The OneGram project will soon celebrate its first birthday. As it is a real success story, recently the global news media has drawn great attention to it, especially in the last two weeks.
First, it was the longer paper Cryptocurrency traders use old gold in drive to draw Islamic investors written by Andrew Torchia and Bernardo Vizcaino and published by the news agency Reuters on April 8, 2018. However, this is not the first article published by the Reuters agency (See: Dubai firm looks to raise $500 million via digital tokens for new payments system). It first wrote about OneGram on May 3, 2017, when our project was preparing to be launched (the ICO was launched on May 27, 2017 and it ended on September 4, 2017).
Torchia and Vizcaino have noticed an increasing interest in cryptocurrencies in the Middle East and the whole Muslim world, where even banks and other financial institutions seek to follow the strict rules of Islamic law. They find Islamic finance assets to be massively growing in recent years with 7 plus per cent growth in the last 3 years. Islamic banking assets, however, account for less than 2 per cent of total global banking assets, so there are pretty large opportunities for growth considering the almost two billion Islam adherents. Both authors argue that there is a demand for cryptocurrency in the Gulf and Southeast Asia, where “companies are seeking to sway the debate by launching instruments based on physical assets and certified as valid by Islamic advisors”. Even though one can count “them” on the fingers of one hand, all of “them” are just imitations of OneGram, since it is the first “indigenous” Islamic project offering digital tokens backed by gold and following the strict Shari’ah principles authorised by the Al Maali Shari’ah advisory and Islamic finance consulting institution.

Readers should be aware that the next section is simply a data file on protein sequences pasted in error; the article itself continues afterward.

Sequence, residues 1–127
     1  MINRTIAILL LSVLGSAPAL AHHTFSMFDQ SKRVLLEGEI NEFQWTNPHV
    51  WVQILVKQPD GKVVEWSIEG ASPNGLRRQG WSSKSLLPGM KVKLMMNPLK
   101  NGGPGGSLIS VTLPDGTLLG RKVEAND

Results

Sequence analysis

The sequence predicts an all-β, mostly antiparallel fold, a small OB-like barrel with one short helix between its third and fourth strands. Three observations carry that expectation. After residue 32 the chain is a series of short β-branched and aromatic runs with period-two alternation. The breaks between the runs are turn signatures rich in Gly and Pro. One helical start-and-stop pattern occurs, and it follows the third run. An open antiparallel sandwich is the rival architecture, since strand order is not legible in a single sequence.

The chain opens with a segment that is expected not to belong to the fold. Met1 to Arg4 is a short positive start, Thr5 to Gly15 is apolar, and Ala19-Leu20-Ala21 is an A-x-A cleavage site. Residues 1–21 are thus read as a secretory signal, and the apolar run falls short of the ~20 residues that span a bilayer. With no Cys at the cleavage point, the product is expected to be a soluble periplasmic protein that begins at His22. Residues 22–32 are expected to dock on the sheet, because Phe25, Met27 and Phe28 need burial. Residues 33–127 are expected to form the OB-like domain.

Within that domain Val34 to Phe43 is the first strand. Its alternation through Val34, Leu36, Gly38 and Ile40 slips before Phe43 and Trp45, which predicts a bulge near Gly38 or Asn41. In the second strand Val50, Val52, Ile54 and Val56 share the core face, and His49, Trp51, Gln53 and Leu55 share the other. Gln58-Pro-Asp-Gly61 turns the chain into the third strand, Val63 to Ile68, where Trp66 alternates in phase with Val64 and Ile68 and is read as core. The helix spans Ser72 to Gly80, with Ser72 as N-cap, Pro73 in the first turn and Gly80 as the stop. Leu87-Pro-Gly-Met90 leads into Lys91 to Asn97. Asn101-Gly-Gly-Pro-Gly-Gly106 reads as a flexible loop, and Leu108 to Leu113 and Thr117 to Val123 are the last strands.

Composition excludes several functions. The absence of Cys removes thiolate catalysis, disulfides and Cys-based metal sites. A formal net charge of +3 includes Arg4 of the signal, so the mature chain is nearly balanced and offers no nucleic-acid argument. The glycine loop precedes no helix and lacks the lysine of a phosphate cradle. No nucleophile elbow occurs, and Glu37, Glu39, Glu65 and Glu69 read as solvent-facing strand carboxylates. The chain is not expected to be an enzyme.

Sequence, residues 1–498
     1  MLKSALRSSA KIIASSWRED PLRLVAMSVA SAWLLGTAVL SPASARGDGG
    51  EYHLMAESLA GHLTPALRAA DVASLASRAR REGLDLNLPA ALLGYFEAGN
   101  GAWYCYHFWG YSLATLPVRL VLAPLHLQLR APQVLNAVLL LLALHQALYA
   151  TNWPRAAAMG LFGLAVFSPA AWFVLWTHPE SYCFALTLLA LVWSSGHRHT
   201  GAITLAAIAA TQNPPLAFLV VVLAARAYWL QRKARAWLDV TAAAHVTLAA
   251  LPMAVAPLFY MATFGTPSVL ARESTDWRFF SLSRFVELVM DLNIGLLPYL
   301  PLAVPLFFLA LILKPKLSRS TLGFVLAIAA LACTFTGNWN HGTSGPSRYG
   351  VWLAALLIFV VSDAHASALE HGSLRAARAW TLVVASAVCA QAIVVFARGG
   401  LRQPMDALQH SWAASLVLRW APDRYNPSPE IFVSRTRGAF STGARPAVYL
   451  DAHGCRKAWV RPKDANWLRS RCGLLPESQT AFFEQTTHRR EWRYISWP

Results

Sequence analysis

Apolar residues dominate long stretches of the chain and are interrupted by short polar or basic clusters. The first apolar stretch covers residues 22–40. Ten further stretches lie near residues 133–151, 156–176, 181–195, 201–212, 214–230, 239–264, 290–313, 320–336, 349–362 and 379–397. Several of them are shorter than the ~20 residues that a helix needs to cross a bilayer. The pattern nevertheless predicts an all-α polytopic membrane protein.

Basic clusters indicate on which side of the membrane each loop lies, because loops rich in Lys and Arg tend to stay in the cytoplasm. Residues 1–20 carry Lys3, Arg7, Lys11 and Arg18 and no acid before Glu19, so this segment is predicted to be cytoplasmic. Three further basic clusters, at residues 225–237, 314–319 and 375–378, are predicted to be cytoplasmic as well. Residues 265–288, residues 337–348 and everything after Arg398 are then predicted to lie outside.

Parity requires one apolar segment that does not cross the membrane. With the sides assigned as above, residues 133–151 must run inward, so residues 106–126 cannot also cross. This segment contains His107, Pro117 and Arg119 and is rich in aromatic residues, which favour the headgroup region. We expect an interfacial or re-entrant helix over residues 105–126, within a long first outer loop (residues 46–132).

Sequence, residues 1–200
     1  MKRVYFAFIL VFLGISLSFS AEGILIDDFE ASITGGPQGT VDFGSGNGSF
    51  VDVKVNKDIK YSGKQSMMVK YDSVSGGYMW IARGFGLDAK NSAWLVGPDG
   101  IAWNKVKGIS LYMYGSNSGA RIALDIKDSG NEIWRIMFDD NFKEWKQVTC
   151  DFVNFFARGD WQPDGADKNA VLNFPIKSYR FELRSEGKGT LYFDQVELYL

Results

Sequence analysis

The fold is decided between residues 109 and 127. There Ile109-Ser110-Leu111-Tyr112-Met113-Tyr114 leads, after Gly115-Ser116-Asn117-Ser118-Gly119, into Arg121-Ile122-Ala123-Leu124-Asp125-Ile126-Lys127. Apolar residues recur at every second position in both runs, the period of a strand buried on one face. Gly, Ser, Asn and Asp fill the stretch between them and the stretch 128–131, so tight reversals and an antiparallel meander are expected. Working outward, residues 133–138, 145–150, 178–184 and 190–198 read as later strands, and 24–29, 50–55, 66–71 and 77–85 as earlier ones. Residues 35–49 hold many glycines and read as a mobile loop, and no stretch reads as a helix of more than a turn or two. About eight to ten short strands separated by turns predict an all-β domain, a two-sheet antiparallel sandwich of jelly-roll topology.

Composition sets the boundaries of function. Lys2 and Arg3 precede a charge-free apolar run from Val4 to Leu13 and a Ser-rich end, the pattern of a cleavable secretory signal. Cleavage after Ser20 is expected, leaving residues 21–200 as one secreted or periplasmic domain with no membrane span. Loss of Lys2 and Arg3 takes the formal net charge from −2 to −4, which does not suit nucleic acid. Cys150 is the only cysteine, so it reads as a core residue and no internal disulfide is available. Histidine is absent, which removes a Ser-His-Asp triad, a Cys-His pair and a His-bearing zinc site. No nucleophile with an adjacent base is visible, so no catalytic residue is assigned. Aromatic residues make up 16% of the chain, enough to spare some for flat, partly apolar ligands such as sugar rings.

The topic of Torchia and Vizcaino’s paper is not the proper subject matter of this article. However, it has evoked huge interest across the globe. Dozens of global news media outlets, even outside the crypto market scene, copied or edited the paper. British, US, Saudi Arabian, Bahraini, Qatar, Taiwan, Japanese, Turkish, Thai, Pakistani, Czech, Russian, German, Belgian, Italian, Dutch, Slovak, Latin American, Indian, Singaporean and even Nepalese media, just to name a few, published articles about our ambition to offer the Muslim world a digital asset backed by gold, which is Shari’ah compliant. Some of them have made an effort and created their own content, as there are dozens of articles about OneGram and enough information within the native content on our landing page www.onegram.org or on our supportive blog https://medium.com/01cryptohouse and elsewhere.
newsbtc.com, cryptostockindex.com, Aljazeera.com, btcnn.com, coinwire.com,
arabbit.net, bitcoinexchangeguide.com, cryptonewsreview.com, Khaleej Times, allcoincompare.com, zycrypto.com, The merkle, dubaiforum.me, The Economic Times, Asia Times, startupitalia.eu, Irish tech news, India Times
The interest in OneGram continued on TV, when Reuters TV broadcasted some short reports about our gold-backed digital asset attracting the Muslim world.
On the Singaporean radio station Money FM, there was a very interesting debate with Ong-Kai-Min, the CEO of the Singapore Index Trading Institute, concerning OneGram — the leading digital asset in the Muslim world.
Unfortunately, she presented her questions in Arabic, whilst Ibrahim Mohammed responded in English. As we have no original video and we are not allowed to add English subtitles to the video, we count on English speaking audiences to intuit her questions within the context of Ibrahim Mohammed’s answers. We are sorry for this little inconvenience.
Well, this is the short story of how OneGram has become the subject of plenty of crypto or business news media across the globe. We hope when our unique and inventive technological tools (delegated proof of stake blockchain, e-wallet, and exchange) will be finished, similar, if not much louder world interest will arise over and over again…